The Role Of Advanced Practice Registered Nurse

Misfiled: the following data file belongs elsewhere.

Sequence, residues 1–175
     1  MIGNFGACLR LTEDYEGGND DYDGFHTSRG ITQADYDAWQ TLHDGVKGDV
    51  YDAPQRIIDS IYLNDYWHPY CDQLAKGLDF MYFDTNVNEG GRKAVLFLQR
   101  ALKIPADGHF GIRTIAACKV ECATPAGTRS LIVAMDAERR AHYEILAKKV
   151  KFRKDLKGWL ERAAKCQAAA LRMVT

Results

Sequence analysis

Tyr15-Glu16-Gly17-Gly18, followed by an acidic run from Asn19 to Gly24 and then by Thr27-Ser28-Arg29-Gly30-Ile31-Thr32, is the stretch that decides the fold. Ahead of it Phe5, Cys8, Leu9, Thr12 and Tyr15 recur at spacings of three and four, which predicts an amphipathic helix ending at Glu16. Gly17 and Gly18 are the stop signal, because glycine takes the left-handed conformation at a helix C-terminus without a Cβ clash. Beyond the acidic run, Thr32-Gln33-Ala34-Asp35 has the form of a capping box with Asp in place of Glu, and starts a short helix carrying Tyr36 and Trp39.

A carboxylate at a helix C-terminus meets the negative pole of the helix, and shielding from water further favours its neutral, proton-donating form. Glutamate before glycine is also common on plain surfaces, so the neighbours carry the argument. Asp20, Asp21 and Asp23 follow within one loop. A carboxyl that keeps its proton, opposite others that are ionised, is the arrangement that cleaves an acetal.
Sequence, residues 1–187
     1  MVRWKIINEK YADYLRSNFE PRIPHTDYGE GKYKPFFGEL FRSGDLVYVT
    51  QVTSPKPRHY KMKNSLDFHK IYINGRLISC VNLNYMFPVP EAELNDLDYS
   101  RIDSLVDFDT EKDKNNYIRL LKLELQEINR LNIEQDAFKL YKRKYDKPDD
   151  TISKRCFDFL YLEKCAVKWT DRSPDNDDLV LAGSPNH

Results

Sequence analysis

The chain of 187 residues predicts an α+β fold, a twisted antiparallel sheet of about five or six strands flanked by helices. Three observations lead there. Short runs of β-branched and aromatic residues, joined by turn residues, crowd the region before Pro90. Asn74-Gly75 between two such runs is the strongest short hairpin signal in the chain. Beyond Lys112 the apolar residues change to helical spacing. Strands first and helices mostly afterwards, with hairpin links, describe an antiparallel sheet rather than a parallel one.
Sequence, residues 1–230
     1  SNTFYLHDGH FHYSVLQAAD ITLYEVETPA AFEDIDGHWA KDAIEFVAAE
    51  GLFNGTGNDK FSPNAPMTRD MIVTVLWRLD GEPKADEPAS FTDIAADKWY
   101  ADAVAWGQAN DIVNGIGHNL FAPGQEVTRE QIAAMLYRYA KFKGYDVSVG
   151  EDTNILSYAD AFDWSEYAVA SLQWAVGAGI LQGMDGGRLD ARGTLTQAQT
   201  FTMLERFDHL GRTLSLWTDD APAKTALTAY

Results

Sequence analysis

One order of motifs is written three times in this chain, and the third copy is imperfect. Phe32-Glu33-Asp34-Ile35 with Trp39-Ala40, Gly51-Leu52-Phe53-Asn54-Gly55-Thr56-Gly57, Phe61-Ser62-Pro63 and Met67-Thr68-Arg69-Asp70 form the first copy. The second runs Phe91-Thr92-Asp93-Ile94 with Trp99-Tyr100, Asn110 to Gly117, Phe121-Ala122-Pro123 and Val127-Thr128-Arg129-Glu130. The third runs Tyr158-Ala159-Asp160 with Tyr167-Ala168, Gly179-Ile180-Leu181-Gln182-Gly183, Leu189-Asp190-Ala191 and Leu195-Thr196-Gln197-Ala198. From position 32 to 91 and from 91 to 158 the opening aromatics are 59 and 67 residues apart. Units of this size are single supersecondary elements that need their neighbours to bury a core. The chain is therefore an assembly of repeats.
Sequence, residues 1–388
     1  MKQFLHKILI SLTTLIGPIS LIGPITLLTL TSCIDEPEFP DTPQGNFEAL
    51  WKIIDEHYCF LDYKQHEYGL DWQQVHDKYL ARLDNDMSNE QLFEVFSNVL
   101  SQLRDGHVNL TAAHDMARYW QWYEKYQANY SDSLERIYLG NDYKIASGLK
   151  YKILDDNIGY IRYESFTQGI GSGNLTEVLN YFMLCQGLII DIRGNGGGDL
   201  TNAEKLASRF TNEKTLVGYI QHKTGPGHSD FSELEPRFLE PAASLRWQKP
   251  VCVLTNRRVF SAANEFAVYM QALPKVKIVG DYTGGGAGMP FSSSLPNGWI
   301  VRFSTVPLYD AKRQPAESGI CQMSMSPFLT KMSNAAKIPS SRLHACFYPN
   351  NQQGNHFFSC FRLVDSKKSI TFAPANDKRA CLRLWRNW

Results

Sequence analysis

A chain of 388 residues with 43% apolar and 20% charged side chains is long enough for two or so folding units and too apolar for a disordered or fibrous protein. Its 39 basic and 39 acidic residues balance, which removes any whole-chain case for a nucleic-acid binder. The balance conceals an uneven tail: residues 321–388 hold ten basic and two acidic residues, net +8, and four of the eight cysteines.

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As the young and rapidly-aging population continues to increase, the demands of primary, acute and chronic disease management will also increase. As a result, more health care professionals who provide primary care will be needed to meet these demands. Thus, the emergence of Advanced Practice Registered Nurse (APRN) evolve. APRN is a nurse who has completed a graduate degree and has acquired advanced knowledge and skills. APRNs are grounded with theory, concepts and principles that enable them to assess, diagnose, treat and manage their patients. APRNs can work in conjunction with other health care professionals or independently. APRNs improve access to health care by providing care in the rural and underserved areas. APRNs also reduce the cost to health care (Joel, 2013). APRNs are structured by the Consensus Model for APRN Regulation. The model was created by the APRN Consensus Work Group and the National Council of State Boards of Nursing (NCSBN) APRN Advisory Committee. This was developed to provide consistency so that the standards and scope of practice of APRNs will be the same (APRN, 2008). Advanced Practice Nursing (APN) covers four types: Certified Nurse Practitioners, Certified Nurse Midwives, Certified Registered Nurse Anesthetists, and Clinical Nurse Specialists. Certified Nurse Practitioners A Certified Nurse Practitioner (CNP) must possess a current active registered nurse licensure. A CNP must finish a graduate nursing program that is accredited by
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